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Short-term effects of high-dose oral vitamin D3 in critically ill vitamin D deficient patients: a randomized, double-blind, placebo-controlled pilot study

Karin Amrein12, Harald Sourij1, Gerit Wagner3, Alexander Holl4, Thomas R Pieber1, Karl Heinz Smolle2, Tatjana Stojakovic5, Christian Schnedl1 and Harald Dobnig1*

Author Affiliations

1 Medical University of Graz, Department of Internal Medicine, Division of Endocrinology and Metabolism, Auenbruggerplatz 15, 8036 Graz, Austria

2 Medical University of Graz, Department of Internal Medicine, Medical Intensive Care Unit, Auenbruggerplatz 15, 8036 Graz, Austria

3 Medical University of Graz, Department of Medical Informatics, Statistics and Documentation, Auenbruggerplatz 2, 8036 Graz, Austria

4 Medical University of Graz, Department of Neurology, Division of Special Neurology, Auenbruggerplatz 22, 8036 Graz, Austria

5 Medical University of Graz, Clinical Institute of Medical and Chemical Laboratory Diagnostics, Auenbruggerplatz 15, 8036 Graz, Austria

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Critical Care 2011, 15:R104  doi:10.1186/cc10120


Please see related commentary by Lee, http://ccforum.com/content/15/2/154

Published: 28 March 2011

Abstract

Introduction

Vitamin D deficiency is encountered frequently in critically ill patients and might be harmful. Current nutrition guidelines recommend very low vitamin D doses. The objective of this trial was to evaluate the safety and efficacy of a single oral high-dose vitamin D3 supplementation in an intensive care setting over a one-week observation period.

Methods

This was a randomized, double-blind, placebo-controlled pilot study in a medical ICU at a tertiary care university center in Graz, Austria. Twenty-five patients (mean age 62 ± 16yrs) with vitamin D deficiency [25-hydroxyvitamin D (25(OH)D) ≤20 ng/ml] and an expected stay in the ICU >48 hours were included and randomly received either 540,000 IU (corresponding to 13.5 mg) of cholecalciferol (VITD) dissolved in 45 ml herbal oil or matched placebo (PBO) orally or via feeding tube.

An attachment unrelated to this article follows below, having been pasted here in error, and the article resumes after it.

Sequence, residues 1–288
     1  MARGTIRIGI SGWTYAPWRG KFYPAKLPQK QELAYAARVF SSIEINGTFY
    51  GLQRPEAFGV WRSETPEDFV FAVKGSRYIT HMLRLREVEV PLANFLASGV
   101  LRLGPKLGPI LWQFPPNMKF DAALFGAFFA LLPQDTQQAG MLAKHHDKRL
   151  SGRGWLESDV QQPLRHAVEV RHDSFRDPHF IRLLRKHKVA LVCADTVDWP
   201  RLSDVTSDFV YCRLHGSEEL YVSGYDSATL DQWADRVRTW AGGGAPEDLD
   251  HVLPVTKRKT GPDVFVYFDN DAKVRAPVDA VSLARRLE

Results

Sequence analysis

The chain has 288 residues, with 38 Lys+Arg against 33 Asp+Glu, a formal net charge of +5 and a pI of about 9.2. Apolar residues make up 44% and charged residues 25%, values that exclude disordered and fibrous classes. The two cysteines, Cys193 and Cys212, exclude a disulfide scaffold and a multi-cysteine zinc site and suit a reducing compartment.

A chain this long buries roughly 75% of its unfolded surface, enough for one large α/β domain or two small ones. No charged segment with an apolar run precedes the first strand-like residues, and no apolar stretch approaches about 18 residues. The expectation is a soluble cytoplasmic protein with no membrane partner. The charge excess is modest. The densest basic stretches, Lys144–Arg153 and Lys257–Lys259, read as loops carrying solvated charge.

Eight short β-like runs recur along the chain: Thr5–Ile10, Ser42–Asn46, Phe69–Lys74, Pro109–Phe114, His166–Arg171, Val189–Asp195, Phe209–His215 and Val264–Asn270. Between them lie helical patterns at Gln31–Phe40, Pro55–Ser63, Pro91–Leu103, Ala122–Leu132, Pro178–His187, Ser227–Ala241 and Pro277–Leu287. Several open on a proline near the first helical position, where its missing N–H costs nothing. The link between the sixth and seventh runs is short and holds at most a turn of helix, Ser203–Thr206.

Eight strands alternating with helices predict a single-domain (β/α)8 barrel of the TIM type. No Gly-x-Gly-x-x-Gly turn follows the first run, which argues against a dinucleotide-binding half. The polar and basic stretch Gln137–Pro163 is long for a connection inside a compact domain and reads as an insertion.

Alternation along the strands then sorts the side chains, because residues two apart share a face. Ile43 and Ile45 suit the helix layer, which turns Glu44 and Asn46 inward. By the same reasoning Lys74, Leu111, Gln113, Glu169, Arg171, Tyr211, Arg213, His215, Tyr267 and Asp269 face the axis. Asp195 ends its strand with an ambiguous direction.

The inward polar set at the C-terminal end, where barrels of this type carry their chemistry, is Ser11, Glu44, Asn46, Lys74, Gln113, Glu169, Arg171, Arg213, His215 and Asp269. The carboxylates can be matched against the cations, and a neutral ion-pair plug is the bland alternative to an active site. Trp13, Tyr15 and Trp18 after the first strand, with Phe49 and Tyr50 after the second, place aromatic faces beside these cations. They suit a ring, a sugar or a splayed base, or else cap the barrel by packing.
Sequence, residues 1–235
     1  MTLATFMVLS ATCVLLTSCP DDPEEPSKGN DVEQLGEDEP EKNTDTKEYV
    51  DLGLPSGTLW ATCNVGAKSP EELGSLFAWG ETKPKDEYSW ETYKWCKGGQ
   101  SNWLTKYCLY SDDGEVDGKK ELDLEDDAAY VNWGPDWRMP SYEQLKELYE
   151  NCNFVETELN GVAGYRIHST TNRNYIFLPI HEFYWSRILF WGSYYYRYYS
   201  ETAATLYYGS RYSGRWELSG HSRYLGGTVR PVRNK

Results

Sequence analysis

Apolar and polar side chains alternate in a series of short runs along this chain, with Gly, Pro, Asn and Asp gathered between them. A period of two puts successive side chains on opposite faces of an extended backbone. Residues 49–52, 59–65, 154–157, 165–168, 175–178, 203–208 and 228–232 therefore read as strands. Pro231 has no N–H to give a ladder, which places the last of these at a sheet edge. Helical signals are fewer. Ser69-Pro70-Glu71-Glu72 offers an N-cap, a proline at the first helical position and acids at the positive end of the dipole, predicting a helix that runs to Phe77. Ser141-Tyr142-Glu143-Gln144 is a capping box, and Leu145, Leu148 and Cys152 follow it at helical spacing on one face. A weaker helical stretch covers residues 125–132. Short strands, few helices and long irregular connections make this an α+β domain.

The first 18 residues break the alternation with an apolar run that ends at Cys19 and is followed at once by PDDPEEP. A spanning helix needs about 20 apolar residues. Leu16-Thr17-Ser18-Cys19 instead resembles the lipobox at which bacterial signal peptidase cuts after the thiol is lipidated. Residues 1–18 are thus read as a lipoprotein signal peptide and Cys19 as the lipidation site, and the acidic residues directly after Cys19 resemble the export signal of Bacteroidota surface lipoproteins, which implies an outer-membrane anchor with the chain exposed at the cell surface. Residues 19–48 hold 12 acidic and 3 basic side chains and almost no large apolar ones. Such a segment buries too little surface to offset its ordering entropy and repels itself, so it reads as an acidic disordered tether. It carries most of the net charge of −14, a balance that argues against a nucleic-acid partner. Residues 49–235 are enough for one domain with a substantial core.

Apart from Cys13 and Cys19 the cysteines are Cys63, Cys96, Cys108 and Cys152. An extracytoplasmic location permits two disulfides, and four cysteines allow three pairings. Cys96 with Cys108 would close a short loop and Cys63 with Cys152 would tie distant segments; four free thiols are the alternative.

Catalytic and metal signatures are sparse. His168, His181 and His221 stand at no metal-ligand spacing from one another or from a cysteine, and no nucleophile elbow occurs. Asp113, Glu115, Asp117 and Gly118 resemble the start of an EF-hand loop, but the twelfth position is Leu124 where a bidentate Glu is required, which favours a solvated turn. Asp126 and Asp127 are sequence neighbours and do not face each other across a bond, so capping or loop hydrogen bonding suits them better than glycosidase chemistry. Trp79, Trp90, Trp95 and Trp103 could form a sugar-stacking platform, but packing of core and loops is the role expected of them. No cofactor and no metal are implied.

Results

The mean serum 25(OH)D increase in the intervention group was 25 ng/ml (range 1-47 ng/ml). The highest 25(OH)D level reached was 64 ng/ml, while two patients showed a small (7 ng/ml) or no response (1 ng/ml). Hypercalcemia or hypercalciuria did not occur in any patient. From day 0 to day 7, total serum calcium levels increased by 0.10 (PBO) and 0.15 mmol/L (VITD; P < 0.05 for both), while ionized calcium levels increased by 0.11 (PBO) and 0.05 mmol/L (VITD; P < 0.05 for both). Parathyroid hormone levels decreased by 19 and 28 pg/ml (PBO and VITD, ns) over the seven days, while 1,25(OH)D showed a transient significant increase in the VITD group only.

Conclusions

This pilot study shows that a single oral ultra-high dose of cholecalciferol corrects vitamin D deficiency within 2 days in most patients without causing adverse effects like hypercalcemia or hypercalciuria. Further research is needed to confirm our results and establish whether vitamin D supplementation can affect the clinical outcome of vitamin D deficient critically ill patients.

EudraCT Number

2009-012080-34

German Clinical Trials Register (DRKS)

DRKS00000750